Are you self-employed? Whether you run your own business or freelance on the side, when it comes time to file your tax return, keep in mind that there are important tax breaks that can add up to considerable savings.
Fortunately, parts of the tax code are designed to provide incentives for taking entrepreneurial risk. From education costs to business miles, there are expenses you’re entitled to deduct as a self-employed taxpayer that can sometimes be forgotten.
As you finalize your 2016 returns, don’t miss out on the following opportunities that can help retain more of your self-earned income.
1. Health insurance premiums
If you are self-employed and paying health insurance premiums, those premiums may be tax deductible on page one of your tax return without regard to the normal need for medical expenses to total up 10 percent (7.5 percent if you’re over 65) of your adjusted gross income (AGI).
2. Branded clothing
Clothing that includes your company name or logo may be tax deductible depending on its purpose. Branded T-shirts, hats and other items you or your employees wear can be considered advertising expenses that you can write-off. The same goes for other promotional materials, such as handouts and store signs.
Continuing education that is required to maintain your license or professional designation is deductible, as are travel and lodging expenses to attend those classes. In addition, more general business training and seminars may also provide a tax benefit. To justify the deduction, it’s important to connect the expected outcome of the class or program to your business. Employers also have the ability to provide and deduct up to $5,250 in nontaxable education reimbursements to their employees.
4. Cost of doing business at home
If your home is your primary place of business, and you have space exclusively used for your business, you can deduct a portion of your home’s operating costs, including taxes, mortgage interest and depreciation. To qualify for the deduction, make sure you document that the portion of the home you claim for business is solely used for work-related activities. This is reported on Form 8829.
First, determine the portion of your home that is business related, either as a fraction in terms of rooms or a percentage of square feet. You can then claim the business percentage of general operating costs (repairs, insurance, cleaning, security, utilities, etc.) as well as 100 percent of costs that may be specifically allocated to the part of the home used for business.
Note that home costs claimed can’t be deducted in the current year if they would create or increase a loss from the business. Costs not deductible in the current year can be carried over to future years when there may be income from the business.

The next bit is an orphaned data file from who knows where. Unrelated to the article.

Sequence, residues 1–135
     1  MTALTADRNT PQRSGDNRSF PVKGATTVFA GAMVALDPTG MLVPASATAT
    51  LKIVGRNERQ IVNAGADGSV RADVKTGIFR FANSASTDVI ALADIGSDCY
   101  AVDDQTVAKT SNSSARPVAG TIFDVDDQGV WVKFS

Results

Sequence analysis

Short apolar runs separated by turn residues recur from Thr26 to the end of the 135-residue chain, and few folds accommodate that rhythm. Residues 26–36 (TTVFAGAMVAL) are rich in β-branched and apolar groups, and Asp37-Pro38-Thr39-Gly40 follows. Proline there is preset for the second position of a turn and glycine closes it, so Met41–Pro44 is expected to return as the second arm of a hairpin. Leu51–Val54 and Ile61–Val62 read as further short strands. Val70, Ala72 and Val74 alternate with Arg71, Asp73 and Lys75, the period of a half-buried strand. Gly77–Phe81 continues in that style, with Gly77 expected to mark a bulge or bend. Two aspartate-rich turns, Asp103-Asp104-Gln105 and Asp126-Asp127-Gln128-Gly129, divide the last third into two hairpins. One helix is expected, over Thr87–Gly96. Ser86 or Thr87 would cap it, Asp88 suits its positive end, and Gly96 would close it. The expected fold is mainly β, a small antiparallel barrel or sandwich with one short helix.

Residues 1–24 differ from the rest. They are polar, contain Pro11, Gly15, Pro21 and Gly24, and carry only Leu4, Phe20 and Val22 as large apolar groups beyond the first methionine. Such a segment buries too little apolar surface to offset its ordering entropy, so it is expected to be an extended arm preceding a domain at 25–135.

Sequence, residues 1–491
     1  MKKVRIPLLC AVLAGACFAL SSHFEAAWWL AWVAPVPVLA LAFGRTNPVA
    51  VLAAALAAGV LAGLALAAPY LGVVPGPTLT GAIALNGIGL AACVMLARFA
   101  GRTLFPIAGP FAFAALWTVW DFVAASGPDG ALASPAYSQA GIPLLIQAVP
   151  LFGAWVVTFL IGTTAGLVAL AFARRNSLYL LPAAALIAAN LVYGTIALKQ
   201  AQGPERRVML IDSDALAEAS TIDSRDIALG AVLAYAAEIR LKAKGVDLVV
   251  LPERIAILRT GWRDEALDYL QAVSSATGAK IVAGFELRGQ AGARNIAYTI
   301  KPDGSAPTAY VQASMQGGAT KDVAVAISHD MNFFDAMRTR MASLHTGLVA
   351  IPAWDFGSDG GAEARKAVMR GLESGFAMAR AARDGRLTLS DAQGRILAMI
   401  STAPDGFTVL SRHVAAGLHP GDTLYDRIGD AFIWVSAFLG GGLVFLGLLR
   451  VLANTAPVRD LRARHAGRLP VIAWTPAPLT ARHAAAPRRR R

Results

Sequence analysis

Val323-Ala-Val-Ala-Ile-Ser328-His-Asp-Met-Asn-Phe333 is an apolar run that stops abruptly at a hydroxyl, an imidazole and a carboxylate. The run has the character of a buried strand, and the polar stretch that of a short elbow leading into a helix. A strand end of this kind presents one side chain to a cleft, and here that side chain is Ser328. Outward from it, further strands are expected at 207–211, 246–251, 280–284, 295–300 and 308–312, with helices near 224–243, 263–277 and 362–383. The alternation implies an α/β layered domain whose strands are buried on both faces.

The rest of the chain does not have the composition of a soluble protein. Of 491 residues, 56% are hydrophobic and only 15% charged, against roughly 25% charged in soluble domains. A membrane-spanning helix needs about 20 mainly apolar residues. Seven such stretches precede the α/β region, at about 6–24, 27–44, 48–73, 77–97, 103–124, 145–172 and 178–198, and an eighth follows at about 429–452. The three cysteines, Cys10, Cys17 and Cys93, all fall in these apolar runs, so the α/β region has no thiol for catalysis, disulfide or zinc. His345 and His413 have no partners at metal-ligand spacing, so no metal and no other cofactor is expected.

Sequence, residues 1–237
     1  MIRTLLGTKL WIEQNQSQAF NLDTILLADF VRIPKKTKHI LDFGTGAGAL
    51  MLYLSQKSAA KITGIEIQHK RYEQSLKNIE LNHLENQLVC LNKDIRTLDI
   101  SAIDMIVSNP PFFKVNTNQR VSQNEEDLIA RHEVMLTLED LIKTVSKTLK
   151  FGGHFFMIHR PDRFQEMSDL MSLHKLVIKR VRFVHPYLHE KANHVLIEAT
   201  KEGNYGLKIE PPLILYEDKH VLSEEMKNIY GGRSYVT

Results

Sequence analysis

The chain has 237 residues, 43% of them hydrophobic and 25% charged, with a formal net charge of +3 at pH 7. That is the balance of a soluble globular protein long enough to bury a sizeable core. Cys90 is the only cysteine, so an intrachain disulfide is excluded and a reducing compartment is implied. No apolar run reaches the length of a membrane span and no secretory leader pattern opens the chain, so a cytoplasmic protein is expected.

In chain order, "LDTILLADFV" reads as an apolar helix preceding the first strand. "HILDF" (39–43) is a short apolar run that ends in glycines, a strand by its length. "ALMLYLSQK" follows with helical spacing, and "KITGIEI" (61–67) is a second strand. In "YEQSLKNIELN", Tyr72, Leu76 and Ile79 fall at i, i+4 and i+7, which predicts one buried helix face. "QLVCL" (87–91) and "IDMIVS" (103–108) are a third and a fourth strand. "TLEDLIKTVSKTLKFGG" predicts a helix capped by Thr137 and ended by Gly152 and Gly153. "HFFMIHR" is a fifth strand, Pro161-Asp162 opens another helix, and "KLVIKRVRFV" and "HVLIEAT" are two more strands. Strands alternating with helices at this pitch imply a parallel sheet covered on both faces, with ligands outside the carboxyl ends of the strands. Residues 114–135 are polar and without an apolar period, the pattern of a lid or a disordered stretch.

There is also a safe harbor which allows you to deduct $5 per square foot (up to a maximum of 300 square feet) instead of calculating the above deductions.
5. Automobile expenses
Business deductions for auto use are based on “business miles” – either absolute business miles if the mileage rate is claimed, or the percentage of business over total miles if actual expenses are claimed. Deductible auto expenses are enhanced if your home is your principal place of business. Since “commuting mileage” from your home to your place of business is not deductible, all business trips can be written off if you primarily work from home.
People who own their cars have two choices for deducting costs. They can take the mileage amount of $.535 for all business miles, or they can add up all their costs (gas, oil, maintenance, insurance, repairs, depreciation, etc.) and deduct the business percentage of those costs.
When factoring in depreciation, if the car was purchased in 2016, there is a maximum of $11,160 allowed in depreciation expense (factoring in bonus depreciation). For an SUV or passenger truck in excess of 6,000 pounds, the allowed deductions are greater than that.
For those that lease, the mileage rate isn’t permitted. Rather, they can take the business percentage of costs, including their lease payments.
For all car drivers, there may be limits on the current deductibility of their costs if they are driving what are defined by the IRS as “luxury autos” – although the cost/value of vehicles that would create these limits is far from luxurious.
6. Interest expense
Many businesses are bootstrapped on credit cards, home equity loans and loans from friends and family. If you are using certain cards only for business, then any interest on those cards will be deductible against your business income. Similarly, interest on other loans taken to start or continue your business is deductible. You must be able to identify and prove that the proceeds from the loan went into your business in order to justify the interest deduction.
There are tremendous economic risks and rewards to being an entrepreneur. Instead of being viewed as an adversary, the government and its tax rules can help you reduce your taxable income when your business expenses are properly accounted for and documented.
Whether you have filed your return or are in the process of getting it prepared, there is still time to take advantage of these ideas.